Riding the Rails offers a visionary perspective on the presumed romanticism of the road and cautionary legacy of the Great Depression. The filmmakers relay the experiences and painful recollections of these now-elderly survivors of the rails. Forced to travel more by economic necessity than the spirit of adventure, the film's subjects dispel romantic myths of a hobo existence and its corresponding veneer of freedom. Riding the Rails recounts the hoboes' trade secrets for survival and accounts of dank miseries, loneliness, imprisonment, death, and dispossession. Sixty years later, the filmmakers transport their subjects back to the tracks, where the surging impact of sound and movement resuscitates memories of a shattered adolescence and devastating rite of passage.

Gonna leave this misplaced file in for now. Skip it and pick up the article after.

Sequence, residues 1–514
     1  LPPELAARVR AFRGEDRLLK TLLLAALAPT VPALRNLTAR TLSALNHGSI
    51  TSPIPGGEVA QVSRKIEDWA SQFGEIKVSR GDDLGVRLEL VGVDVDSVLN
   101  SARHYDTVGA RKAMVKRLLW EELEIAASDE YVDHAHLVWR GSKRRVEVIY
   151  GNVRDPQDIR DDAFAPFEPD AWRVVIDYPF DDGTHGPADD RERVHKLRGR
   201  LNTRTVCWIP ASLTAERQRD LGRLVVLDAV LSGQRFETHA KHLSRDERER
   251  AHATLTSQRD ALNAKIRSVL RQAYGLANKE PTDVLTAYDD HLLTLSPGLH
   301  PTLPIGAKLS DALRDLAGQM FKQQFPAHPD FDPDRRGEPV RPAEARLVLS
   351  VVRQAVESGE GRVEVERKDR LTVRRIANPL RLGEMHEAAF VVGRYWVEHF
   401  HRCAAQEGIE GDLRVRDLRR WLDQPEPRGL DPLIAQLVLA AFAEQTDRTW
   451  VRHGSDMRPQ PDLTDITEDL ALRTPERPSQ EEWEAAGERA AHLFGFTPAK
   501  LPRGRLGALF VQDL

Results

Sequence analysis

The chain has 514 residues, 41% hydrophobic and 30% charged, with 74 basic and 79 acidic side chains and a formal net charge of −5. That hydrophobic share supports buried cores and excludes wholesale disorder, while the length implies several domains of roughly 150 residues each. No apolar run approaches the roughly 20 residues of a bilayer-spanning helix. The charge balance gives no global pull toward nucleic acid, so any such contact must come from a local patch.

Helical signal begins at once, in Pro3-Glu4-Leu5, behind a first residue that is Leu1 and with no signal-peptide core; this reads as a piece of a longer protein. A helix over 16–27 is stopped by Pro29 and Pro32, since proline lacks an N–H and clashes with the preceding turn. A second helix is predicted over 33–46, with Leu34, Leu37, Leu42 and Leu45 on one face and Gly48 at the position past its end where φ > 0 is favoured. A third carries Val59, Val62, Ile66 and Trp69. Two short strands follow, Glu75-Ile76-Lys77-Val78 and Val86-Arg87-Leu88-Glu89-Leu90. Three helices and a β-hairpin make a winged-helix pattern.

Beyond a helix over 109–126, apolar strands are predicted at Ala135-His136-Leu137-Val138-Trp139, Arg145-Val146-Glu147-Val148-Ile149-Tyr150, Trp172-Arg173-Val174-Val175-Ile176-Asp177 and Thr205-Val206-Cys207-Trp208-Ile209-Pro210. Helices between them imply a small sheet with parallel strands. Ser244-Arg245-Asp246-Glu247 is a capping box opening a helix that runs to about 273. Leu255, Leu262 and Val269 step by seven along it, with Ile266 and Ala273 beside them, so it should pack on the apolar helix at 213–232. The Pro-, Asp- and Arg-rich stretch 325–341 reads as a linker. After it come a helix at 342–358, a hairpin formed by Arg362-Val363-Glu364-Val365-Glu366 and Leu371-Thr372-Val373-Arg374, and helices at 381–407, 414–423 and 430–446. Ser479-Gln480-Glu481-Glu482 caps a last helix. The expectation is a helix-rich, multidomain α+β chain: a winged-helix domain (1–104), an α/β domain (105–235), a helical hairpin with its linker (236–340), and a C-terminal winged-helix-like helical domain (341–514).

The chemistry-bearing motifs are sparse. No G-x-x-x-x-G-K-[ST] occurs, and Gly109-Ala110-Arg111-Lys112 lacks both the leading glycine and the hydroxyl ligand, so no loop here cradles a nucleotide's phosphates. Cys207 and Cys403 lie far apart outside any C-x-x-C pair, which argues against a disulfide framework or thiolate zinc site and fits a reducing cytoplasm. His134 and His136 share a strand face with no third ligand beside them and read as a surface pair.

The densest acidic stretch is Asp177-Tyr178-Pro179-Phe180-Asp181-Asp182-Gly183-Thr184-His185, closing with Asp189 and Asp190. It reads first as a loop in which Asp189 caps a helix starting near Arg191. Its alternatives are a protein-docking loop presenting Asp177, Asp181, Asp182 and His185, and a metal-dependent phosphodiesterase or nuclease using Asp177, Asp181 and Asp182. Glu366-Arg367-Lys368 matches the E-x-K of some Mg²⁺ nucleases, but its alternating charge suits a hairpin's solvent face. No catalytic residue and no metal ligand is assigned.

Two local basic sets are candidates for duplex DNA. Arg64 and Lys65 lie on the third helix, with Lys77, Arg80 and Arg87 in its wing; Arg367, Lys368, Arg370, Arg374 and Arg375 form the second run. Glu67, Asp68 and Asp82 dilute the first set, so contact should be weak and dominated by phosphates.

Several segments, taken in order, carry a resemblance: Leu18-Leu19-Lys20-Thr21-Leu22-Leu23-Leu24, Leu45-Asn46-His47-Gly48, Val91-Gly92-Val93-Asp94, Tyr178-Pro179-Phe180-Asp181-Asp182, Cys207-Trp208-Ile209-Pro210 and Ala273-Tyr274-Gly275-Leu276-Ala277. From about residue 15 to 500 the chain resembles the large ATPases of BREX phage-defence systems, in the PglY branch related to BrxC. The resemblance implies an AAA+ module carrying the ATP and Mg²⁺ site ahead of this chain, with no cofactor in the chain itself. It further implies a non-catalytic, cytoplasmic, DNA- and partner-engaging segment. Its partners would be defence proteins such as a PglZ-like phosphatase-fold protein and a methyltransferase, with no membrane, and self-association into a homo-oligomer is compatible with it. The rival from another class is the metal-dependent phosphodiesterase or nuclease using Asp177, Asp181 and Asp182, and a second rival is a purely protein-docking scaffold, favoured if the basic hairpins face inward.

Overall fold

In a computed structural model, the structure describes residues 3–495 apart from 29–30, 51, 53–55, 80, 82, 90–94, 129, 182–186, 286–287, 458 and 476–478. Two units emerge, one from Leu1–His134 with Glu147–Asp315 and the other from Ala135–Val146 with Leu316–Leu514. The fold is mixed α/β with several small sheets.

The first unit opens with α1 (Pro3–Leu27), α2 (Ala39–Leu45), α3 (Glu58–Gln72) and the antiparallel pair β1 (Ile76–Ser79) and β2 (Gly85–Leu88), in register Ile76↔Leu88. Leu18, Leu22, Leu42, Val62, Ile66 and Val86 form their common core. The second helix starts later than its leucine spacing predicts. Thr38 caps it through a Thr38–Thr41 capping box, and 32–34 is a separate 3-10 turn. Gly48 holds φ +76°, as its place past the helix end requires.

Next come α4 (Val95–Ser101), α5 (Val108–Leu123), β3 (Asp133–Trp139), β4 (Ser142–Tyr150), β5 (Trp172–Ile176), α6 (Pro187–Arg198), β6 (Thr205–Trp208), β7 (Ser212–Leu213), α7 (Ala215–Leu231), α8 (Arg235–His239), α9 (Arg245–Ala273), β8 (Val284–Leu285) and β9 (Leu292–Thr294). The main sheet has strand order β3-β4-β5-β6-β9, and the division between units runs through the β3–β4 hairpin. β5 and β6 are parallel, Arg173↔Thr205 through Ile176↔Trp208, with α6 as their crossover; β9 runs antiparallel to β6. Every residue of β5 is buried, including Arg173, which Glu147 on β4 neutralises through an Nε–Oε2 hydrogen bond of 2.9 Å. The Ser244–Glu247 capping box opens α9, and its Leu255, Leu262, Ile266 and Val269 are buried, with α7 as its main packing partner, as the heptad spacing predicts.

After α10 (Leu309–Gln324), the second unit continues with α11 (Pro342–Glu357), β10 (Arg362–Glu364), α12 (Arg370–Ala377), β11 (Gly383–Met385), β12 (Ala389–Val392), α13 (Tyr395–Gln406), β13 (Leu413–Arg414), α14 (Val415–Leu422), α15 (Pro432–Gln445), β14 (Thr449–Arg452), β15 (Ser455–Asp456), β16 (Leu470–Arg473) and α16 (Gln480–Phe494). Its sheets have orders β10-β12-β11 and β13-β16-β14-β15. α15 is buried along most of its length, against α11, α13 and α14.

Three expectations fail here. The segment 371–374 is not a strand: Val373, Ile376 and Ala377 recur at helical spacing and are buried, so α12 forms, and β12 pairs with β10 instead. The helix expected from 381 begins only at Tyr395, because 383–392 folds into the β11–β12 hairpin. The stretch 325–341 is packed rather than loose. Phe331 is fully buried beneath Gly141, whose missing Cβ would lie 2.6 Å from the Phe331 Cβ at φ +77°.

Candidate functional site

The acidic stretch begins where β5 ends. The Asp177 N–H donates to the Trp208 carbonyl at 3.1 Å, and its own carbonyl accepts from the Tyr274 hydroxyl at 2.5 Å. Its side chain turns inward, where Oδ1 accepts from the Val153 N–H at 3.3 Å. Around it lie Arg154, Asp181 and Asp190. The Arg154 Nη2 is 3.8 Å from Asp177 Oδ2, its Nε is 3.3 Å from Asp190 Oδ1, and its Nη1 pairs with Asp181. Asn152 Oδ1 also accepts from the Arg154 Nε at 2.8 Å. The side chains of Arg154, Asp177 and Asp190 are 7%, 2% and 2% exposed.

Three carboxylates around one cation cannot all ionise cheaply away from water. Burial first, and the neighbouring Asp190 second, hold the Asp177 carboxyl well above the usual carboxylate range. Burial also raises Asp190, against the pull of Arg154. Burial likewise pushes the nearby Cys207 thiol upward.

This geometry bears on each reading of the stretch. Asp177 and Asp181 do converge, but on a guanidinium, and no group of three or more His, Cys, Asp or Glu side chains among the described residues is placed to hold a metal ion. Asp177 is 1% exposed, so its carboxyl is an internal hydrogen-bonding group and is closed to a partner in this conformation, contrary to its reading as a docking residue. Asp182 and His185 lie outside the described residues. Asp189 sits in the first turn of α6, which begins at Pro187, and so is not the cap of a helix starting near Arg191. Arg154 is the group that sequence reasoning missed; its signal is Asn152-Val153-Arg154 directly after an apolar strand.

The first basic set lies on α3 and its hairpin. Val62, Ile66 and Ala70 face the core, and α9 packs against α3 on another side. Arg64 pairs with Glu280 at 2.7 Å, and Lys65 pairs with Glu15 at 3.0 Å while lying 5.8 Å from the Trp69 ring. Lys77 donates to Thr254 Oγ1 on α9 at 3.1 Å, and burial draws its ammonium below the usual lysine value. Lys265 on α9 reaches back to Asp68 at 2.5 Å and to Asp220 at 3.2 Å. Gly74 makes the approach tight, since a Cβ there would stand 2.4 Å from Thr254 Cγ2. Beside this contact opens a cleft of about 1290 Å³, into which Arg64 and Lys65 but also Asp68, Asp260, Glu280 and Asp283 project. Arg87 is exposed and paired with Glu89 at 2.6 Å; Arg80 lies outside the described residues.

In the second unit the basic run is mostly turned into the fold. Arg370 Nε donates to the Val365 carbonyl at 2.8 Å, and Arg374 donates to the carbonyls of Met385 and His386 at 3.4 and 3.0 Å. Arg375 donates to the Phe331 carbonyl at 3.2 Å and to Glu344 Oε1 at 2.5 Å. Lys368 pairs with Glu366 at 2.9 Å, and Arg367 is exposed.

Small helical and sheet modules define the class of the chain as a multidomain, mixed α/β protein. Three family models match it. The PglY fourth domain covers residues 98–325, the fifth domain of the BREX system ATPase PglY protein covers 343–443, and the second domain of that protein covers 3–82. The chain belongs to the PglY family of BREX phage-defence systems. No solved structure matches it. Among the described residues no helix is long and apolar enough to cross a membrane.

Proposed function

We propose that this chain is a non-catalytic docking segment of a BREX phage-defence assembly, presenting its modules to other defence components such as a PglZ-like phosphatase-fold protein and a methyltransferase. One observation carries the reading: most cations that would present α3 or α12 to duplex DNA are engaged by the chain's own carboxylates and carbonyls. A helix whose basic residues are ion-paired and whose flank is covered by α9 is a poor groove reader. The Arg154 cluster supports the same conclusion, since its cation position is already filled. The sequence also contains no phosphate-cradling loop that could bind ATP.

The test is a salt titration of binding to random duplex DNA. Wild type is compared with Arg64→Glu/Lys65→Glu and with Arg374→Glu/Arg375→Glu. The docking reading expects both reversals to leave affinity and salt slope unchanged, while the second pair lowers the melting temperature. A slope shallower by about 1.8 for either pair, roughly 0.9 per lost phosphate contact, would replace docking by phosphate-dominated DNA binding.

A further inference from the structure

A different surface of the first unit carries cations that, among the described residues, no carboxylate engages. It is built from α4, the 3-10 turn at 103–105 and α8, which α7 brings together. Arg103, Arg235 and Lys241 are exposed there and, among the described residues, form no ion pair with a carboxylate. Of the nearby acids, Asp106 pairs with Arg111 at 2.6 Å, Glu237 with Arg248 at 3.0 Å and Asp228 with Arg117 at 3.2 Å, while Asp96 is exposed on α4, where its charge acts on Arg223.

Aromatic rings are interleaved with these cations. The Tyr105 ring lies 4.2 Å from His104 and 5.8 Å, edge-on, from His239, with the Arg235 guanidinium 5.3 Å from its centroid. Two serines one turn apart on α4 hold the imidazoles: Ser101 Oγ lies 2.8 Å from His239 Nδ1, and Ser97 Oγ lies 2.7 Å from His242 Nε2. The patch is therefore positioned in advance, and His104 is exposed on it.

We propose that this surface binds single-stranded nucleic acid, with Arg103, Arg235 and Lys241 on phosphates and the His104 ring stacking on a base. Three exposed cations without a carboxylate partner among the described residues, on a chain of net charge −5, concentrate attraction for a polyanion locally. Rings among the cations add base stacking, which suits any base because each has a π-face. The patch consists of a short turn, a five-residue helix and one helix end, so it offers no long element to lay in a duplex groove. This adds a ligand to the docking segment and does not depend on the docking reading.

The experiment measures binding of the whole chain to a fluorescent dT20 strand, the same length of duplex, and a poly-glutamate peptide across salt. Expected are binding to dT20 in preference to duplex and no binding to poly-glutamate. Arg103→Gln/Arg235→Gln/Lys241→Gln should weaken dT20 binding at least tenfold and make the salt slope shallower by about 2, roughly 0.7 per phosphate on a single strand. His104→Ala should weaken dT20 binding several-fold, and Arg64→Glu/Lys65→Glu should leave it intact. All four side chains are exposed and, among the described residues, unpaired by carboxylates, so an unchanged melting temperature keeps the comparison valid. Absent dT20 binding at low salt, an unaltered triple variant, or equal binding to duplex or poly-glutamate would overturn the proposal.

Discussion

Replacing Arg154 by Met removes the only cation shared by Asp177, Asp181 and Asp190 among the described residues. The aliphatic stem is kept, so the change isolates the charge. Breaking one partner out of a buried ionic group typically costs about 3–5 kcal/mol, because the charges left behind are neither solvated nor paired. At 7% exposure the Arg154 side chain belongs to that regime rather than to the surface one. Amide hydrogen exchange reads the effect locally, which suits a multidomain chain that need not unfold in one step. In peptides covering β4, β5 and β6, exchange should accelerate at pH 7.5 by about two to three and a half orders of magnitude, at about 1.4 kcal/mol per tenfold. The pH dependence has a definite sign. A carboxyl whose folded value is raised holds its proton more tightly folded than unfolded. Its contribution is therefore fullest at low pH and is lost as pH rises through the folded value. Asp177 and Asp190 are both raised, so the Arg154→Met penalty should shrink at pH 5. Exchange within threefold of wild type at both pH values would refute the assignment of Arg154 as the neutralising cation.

Russian terrorists conspire to hijack the aircraft with the president and his family on board. The commander in chief finds himself facing an impossible predicament: give in to the terrorists and sacrifice his family, or risk everything to uphold his principles - and the integrity of the nation.
84 years later, a 101-year-old woman named Rose DeWitt Bukater tells the story to her granddaughter Lizzy Calvert, Brock Lovett, Lewis Bodine, Bobby Buell and Anatoly Mikailavich on the Keldysh about her life set in April 10th 1912, on a ship called Titanic when young Rose boards the departing ship with the upper-class passengers and her mother, Ruth DeWitt Bukater, and her fiancé, Caledon Hockley.
Bean works as a caretaker at Britain's formidable Royal National Gallery, and his bosses want to fire him because he sleeps at work all the time, but can't because the chairman of the gallery's board defends him.
Two years after the terrifying events that occurred in Woodsboro, Sidney is now attending Windsor College in Cincinnati, and Gale Weathers' best selling book on Sidney's life has now been made into a major motion picture.